I also found a little bit of street art:

My final stop was the Gas Lamp precinct where I spotted some cool street art, my favourite being this electricity box:


There were also some cool train carriages and sticker art:


I headed back to the airport to return my car and prepare myself for the long flight back to Brisbane. Whilst I had some enjoyable moments; I wouldn’t choose to return to Vancouver in a hurry.

Posted in nature, travel

hiking alta lake, whistler

I was looking for a hike that I could do from Whistler Village for a few hours without a car and without a lift pass. Lost Lake is too close (and short) so I decided on Alta Lake which is a larger lake to the South West of Whistler Village.

It was easy to find, and despite the lake not being all that scenic, there were some great views of the surrounding mountains. I also managed to find some old car wrecks and some giant wooden chairs lakeside.

I walked around 12km in total in about two and a half hours; it was very enjoyable.


Posted in nature, street art, travel

whistler train wreck

This week I had a chance to check out the Whistler train wreck site: a part of the forest near Whistler where several train carriages rest that were part of a train derailment in 1956.

The area has been declared a legal graffiti zone so each carriage is colourfully decorated in all kinds of spray paint.

I’ve never seen anything like it; it was like an urban jungle in the middle of a forest. Amazing stuff.


Posted in nature, travel

lost lake, whistler

After lunch today we decided to hike to Lost Lake, which is surprisingly close to Whistler Village, and surprisingly scenic. There was a walking only narrow trail that led to Lost Lake through a beautiful forest on the way. Lost lake was very pretty but I actually enjoyed the journey more than the destination.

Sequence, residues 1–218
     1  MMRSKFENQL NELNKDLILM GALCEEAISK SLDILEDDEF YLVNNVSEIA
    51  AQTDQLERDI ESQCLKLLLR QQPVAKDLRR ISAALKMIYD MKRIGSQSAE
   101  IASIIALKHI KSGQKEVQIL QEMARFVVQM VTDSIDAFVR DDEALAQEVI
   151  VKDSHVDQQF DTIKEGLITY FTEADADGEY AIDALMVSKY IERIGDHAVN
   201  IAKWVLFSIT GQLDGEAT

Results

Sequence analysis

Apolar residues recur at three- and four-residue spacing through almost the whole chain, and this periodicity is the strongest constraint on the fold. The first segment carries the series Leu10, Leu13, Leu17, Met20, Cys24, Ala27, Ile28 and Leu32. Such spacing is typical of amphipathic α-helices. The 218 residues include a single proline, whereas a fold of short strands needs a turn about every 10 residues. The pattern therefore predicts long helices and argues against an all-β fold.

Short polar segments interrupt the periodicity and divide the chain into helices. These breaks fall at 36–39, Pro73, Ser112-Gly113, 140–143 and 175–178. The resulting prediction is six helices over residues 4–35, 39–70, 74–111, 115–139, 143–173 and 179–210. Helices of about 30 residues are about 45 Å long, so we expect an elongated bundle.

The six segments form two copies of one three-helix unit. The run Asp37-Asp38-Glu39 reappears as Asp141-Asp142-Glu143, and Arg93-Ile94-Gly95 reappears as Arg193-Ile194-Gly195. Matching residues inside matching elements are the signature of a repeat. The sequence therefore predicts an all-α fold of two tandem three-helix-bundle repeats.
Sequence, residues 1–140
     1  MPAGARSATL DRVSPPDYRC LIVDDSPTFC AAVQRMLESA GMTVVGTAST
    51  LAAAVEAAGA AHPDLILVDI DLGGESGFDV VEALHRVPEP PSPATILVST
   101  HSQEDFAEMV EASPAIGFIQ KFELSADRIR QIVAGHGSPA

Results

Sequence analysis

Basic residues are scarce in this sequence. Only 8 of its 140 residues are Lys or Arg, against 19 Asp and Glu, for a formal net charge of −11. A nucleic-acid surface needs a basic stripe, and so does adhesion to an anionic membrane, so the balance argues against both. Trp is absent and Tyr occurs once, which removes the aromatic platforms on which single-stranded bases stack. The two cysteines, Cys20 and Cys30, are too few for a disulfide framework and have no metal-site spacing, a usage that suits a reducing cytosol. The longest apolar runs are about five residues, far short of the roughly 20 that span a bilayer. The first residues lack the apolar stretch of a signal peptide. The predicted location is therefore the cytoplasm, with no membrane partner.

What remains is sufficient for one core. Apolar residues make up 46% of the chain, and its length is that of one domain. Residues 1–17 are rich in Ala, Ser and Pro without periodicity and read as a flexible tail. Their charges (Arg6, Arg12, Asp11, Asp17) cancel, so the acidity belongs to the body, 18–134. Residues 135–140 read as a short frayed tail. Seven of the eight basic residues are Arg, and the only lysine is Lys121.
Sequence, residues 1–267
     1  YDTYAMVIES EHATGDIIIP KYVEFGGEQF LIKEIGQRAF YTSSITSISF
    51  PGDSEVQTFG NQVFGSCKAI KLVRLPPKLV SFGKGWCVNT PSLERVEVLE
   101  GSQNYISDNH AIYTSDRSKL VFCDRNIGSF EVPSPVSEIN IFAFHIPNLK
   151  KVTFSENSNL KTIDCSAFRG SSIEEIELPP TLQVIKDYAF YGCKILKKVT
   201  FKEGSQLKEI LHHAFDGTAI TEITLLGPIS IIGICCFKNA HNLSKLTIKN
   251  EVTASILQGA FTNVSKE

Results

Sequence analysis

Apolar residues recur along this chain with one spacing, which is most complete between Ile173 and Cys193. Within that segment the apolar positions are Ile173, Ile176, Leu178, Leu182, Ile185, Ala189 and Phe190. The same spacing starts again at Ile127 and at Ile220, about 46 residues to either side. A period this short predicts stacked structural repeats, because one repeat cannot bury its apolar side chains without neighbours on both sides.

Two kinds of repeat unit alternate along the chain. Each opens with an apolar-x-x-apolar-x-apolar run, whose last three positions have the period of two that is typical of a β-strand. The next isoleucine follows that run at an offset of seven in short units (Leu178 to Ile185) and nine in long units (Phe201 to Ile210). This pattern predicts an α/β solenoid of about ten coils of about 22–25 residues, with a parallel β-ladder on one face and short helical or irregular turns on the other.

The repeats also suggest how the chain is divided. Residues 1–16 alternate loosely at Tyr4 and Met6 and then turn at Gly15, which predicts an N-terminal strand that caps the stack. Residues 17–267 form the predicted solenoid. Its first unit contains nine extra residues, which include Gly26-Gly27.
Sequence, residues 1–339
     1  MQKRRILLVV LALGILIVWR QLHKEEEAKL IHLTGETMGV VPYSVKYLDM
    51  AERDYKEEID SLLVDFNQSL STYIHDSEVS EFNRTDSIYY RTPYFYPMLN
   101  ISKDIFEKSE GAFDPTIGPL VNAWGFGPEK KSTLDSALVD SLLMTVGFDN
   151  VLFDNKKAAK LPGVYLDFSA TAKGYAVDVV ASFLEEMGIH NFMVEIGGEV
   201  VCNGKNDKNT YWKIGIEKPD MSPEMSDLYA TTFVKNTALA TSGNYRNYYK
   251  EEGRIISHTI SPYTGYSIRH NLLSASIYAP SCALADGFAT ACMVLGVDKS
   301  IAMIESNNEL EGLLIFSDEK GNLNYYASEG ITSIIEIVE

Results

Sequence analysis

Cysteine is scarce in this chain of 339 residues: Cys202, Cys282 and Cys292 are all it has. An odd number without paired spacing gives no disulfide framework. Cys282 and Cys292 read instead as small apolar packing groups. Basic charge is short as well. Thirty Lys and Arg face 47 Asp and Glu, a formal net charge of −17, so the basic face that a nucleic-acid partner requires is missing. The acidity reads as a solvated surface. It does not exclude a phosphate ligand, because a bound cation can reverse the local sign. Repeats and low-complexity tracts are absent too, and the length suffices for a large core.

Posted in travel

whistler peak 2 peak

I’m in Whistler, Canada for a week of work with a little bit of play.

Today was a play day so we rode a gondola to the top of Whistler Mountain where there’s another gondola that goes across to the peak of Blackcomb Mountain. The weather was cool and climatic, changing the landscape almost constantly.

We saw some great scenery and I got some good shots. Well worth the time up there!


Posted in family, junior pixels

drawings of ducks

I love ducks, and Junior Pixels loves drawing ducks, so we’re match made in heaven 😍

For my recent birthday Junior outdid himself and made me a card with a duck and a cactus; it doesn’t get any better than this!


Here’s a collection of some of the ducks he has drawn me:

He also draws a mean aeroplane when I have to go away for work:


I love these all so much.

Posted in fitness, nature

flinders peak

I’ve been wanting to walk to the top of Flinders Peak for some time; and today, Father’s Day in Australia, that opportunity presented itself.

I was a little nervous considering it’s a Class Five (Black) hike which is the hardest class of walk you can do in Australia, and there were some signs reiterating this at the beginning. But it is only 6.5km return so I thought I’d just ‘do it’.